His first school year is at a local school. His second year starts at a private school, but due to an epidemic of fever in the area, all the school's boys are sent home, and Tom is transferred mid-term to Rugby School, where he makes acquaintance with the adults and boys who live at the school and in its environs.

On his arrival, the eleven-year-old Tom Brown is looked after by a more experienced classmate, Harry "Scud" East. Soon after, Tom and East become the targets of a bully named Flashman. The intensity of the bullying increases, and, after refusing to hand over a sweepstake ticket for the favourite in a horse race, Tom is deliberately burned in front of a fire. Tom and East eventually defeat Flashman with the help of a kind (though comical) older boy, Diggs. In their triumph they become unruly.

In the second half of the book, Dr. Thomas Arnold, the historical headmaster of the school at the time, gives Tom the care of George Arthur, a frail, pious, academically brilliant, gauche, and sensitive new boy. A fight that Tom gets into to protect Arthur, and Arthur's nearly dying of fever, are described in loving detail. Tom and Arthur help each other and their friends develop into young gentlemen who say their nightly prayers, do not cheat on homework, and play in a cricket match. An epilogue shows Tom's return to Rugby and its chapel when he hears of Arnold's death.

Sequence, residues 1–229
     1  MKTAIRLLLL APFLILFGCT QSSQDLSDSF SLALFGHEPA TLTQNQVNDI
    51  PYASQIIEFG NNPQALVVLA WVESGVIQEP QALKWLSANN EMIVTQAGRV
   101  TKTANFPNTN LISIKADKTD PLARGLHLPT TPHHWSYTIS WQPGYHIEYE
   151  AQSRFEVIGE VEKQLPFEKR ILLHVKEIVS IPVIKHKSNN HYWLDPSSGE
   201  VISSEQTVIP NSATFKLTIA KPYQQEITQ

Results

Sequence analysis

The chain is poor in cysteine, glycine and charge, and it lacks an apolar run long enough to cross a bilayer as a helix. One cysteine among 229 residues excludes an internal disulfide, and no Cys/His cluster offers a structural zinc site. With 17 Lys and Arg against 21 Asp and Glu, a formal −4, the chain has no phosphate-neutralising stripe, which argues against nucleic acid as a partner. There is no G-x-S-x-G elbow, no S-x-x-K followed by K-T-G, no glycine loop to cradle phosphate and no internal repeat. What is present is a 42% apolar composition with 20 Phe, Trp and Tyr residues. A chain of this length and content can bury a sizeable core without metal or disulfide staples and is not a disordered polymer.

Characters[edit]

Major themes[edit]

A main element of the novel is Rugby with its traditions and with the reforms instituted by Dr. Arnold. Arnold is seldom on stage, but is shown as the perfect teacher and counsellor and as managing everything behind the scenes. In particular, he is the one who "chums" Arthur with Tom. This helps them both become men.

The central theme of the novel is the development of boys. The symmetrical way in which Tom and Arthur supply each other's deficiencies shows that Hughes believed in the importance of physical development, boldness, fighting spirit, and sociability (Tom's contribution) as well as Christian morality and idealism (Arthur's).

The novel is essentially didactic, and was not primarily written by its author as an entertainment. As Hughes said:

Several persons, for whose judgment I have the highest respect, while saying very kind things about this book, have added, that the great fault of it is 'too much preaching'; but they hope I shall amend in this matter should I ever write again. Now this I most distinctly decline to do. Why, my whole object in writing at all was to get the chance of preaching! When a man comes to my time of life and has his bread to make, and very little time to spare, is it likely that he will spend almost the whole of his yearly vacation in writing a story just to amuse people? I think not. At any rate, I wouldn't do so myself.